Over two-thirds of entry-level associates typically join DP's large and varied transactional departments, with the remaining third joining the litigation team.
The New York office is dominated by its three mega corporate groups: capital markets, M&A and credit (which is essentially banking and finance). “Capital markets is by far the largest of the three firmwide,” interviewees confirmed, although in New York the three are pretty evenly balanced in size. Alongside are the financial institutions group (FIG), tax, and several smaller groups including investment management; real estate; executive compensation & employee benefits; and trusts & estates.
The litigation department is predominantly commercial litigation-based, and has an excellent white-collar practice, including regulatory and foreign corruption work. Litigators join the group as generalists and “remain generalists all the way through to partnership level,” associates said. A small California office in Menlo Park has an overriding corporate focus, although it also has tax, IP, employment and litigation practices. “The majority of what we do is capital markets, but you do get a broad corporate experience,” associates explained.
Although New York litigators head straight to their group, the city's transactional associates have the opportunity to rotate around practices (apart from those in tax, and trusts & estates). Two six-month rotations are the norm, although “you can sometimes even do a third rotation,” interviewees explained. There's also the option to assign to a group immediately and even the possibility of joining a group you didn't rotate in: “Davis is very flexible and accommodating.” Interviewees loved the rotation system: “There's no pressure to specialize early, and you get such varied exposure.” One added: “Getting the chance to experience a mixture of small and large groups also allows you to meet people across the firm, and gain a broader appreciation of the law.”
Across most departments, work assignment for juniors is filtered through a formal assignment coordinator. Interviewees said: “The system is great. You never feel the pressure to go looking for work or worry about downtimes. It alleviates that stress.” Another said: “It also protects you from having to say no to a partner! The coordinators have so much experience and it really is a two-way conversation as to what you're doing and how much you can take on. It stops you from drowning.” For more detail on the work, read the Web Extras.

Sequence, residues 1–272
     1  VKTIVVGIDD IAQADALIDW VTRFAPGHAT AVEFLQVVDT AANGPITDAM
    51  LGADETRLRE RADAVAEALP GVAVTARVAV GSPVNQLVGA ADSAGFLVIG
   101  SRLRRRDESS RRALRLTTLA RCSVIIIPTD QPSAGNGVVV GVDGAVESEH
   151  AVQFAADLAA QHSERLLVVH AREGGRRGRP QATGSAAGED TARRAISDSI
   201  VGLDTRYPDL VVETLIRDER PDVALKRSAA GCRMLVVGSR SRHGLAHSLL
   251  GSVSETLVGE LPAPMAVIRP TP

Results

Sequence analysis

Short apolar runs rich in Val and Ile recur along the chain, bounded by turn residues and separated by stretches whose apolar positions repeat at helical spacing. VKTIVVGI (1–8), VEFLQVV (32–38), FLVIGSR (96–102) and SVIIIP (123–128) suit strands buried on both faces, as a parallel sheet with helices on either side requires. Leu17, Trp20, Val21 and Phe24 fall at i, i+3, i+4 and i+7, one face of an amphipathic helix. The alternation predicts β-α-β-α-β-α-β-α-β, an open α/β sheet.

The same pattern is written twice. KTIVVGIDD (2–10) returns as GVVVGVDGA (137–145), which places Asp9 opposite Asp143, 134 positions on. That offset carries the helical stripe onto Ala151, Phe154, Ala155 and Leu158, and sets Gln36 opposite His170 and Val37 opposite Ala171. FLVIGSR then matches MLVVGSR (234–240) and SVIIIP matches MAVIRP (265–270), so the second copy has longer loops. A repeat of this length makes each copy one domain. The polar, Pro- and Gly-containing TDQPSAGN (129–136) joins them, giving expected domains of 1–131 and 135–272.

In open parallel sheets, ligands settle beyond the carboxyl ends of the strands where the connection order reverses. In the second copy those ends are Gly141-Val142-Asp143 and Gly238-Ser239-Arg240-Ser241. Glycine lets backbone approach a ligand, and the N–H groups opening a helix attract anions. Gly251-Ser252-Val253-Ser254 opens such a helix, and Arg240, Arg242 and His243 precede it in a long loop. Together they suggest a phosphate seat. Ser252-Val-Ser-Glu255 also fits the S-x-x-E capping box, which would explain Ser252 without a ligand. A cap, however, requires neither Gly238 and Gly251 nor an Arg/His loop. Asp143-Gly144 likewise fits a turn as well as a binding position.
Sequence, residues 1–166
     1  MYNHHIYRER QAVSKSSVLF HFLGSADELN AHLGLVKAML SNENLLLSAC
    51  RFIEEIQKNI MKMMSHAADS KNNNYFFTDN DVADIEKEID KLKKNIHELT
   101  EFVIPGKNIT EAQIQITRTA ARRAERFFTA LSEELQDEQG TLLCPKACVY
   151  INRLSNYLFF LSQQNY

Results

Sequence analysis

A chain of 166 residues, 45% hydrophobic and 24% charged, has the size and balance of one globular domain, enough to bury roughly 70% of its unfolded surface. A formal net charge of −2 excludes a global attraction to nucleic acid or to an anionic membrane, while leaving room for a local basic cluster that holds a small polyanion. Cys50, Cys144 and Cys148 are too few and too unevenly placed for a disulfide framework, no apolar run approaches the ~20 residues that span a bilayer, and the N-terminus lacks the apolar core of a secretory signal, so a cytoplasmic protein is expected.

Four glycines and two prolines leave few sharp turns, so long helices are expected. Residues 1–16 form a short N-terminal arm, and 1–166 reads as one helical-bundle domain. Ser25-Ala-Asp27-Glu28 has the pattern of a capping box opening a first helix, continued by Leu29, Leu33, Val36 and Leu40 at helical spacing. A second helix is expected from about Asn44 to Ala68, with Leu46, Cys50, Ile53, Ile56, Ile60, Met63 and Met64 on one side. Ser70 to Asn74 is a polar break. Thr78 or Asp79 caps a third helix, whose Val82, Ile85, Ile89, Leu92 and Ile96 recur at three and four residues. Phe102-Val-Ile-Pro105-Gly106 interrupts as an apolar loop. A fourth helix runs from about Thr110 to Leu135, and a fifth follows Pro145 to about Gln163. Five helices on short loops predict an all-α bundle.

Training & Development
Training begins with 'Lawyering 101', “a week-long induction to the firm.” Later there's 'Lawyering 301' in your third year – helping the transition into midlevel – and finally 'Lawyering 501', to help you become a senior associate. “101 is really just basic accounting and ethical issue courses – everything you need to know how not to be a terrible lawyer,” associates laughed. “You also get your CLEs done during the week, which is great.” Alongside, every group has practice specific training, “and you can attend any groups you want,” interviewees explained. Certain groups, such as capital markets, have compulsory sessions, “which are really helpful.” There are also extensive training materials online. Although associates were complimentary of the system, “nothing compares to learning by doing,” they agreed.
Reports of the quality of feedback varied greatly between interviewees. Some were very pleased with how much time the senior associates and partners took with them, while others admitted to “getting almost nothing until the formal appraisal – good or bad.” Davis Polk “does have a rep for being slightly passive-aggressive, and that's probably true,” an associate said. “If however you solicit the feedback yourself, it is always well received. The onus is on the individual.”
“I think we're known to have one of the best buildings in the city,” New York associates proudly proclaimed of the firm's flagship office. Sat above the Grand Central Station post office on Lexington Avenue, the NYC headquarters occupies floors eight through 30, “with the lawyers sat between floors 16 to 30.” The layout is “like a donut, so all lawyers get offices with large windows.” One said: “It feels sophisticated and spacious. It's all light wood and high ceilings. There's lots of gold plating and art on the wall, and our double lobby is very impressive.” The décor aims “to make the environment as comfortable and beautiful as possible, making those long nights easier.”